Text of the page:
The title for this show comes from a short story by Jorge Luis Borges. The Argentine writer describes a sorcerer who has installed himself in the burnt-out ruins of the temple to an ancient fire god, where he attempts to dream a human life into being. Borges's story is a reflection on the conditions of consciousness and creativity, as well as on time and the changeful nature of the universe. Each of the artists shown here likewise engages these themes in complex, evocative ways.
Nicholas Mangan's A World Undone (2012), for example, combines the millisecond-long intervals into which video technology chops time with geological time scales of billions of years. In so doing, he helps to unseat, even if only fleetingly, the way we tend perceive time, both as a result of the capitalist world-system into which we were all born and, more profoundly, as a result of our biological makeup. In different ways, both Antonio Vega Macotela's Studies of Exhaustion: Study No. 3, The Flesh (2013) and Étienne Chambaud's Nameless (2014) reprise these themes. Vega Macotela mobilizes the resources of artistic production to return us to a crucial historical moment in the stitching-together of the world-system: namely, when heralds of early modern capitalism in Europe first encountered the untold wealth of the New World, and devised an apparatus that would enable that wealth to flow to Europe. With such mills of blood, the labor time of capital was introduced to the indigenous populations of the Americas. Meanwhile, Chambaud pursues the links between different biological beings, territoriality and meaning by staging chemical reactions on canvas. Using animal lures and oxidizable metals, he produces a set of visual traces that human spectators will be able to perceive.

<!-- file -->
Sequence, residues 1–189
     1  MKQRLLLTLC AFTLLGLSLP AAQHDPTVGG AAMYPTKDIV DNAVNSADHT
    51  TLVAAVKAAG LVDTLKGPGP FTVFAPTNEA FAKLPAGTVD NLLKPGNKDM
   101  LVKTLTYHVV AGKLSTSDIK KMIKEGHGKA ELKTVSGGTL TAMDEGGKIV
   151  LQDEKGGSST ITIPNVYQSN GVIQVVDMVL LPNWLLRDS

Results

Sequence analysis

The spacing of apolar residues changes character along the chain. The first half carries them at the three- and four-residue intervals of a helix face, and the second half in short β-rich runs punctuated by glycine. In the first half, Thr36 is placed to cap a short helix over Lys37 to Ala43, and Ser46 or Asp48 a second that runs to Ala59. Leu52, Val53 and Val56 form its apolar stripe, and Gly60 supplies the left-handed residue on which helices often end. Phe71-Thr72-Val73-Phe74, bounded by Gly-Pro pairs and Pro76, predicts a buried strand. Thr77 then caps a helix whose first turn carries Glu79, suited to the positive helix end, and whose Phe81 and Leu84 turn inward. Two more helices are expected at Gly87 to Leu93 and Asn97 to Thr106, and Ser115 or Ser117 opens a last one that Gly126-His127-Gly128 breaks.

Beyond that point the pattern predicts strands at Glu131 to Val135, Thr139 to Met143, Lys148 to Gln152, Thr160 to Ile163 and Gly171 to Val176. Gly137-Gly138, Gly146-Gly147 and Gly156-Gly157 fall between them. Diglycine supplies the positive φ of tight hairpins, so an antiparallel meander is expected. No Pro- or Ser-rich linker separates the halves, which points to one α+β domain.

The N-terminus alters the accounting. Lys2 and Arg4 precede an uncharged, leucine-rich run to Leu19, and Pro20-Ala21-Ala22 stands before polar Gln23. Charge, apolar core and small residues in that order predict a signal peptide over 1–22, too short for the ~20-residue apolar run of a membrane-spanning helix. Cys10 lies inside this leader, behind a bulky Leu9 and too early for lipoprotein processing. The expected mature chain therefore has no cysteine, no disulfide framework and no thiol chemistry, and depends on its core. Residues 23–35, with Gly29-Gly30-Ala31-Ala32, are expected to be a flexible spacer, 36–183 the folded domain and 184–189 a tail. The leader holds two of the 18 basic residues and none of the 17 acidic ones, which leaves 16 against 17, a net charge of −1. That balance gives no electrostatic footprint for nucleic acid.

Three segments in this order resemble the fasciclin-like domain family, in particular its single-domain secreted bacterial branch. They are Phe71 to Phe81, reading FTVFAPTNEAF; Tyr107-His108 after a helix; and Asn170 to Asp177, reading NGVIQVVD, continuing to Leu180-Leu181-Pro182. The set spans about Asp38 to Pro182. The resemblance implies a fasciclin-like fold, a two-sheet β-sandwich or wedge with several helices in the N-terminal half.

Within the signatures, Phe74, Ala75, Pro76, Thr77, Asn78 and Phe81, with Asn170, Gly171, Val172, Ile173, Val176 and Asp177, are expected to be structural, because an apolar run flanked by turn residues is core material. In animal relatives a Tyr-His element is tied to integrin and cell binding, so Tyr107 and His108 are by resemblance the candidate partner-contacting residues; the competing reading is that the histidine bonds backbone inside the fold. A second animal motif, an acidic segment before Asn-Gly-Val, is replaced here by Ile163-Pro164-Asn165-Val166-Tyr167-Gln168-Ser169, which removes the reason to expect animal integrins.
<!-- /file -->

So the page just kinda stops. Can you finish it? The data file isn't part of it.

Pablo Vargas Lugo and Gala Porras-Kim confront us with experiences of indecipherability on an intercultural scale. In Vargas Lugo's MS1131 (H) (Anamorphosis) (2014), Mayan calligraphy is transported through time and across media, thereby interposing additional layers of sense to be interpreted. The drawings in Porras-Kim's For Prospective Rock/Artifact Projection (2014) also engage with a pre-Hispanic writing system, but her attention is focused on the fuzzy line that separates geological processes of physical transformation from human ones.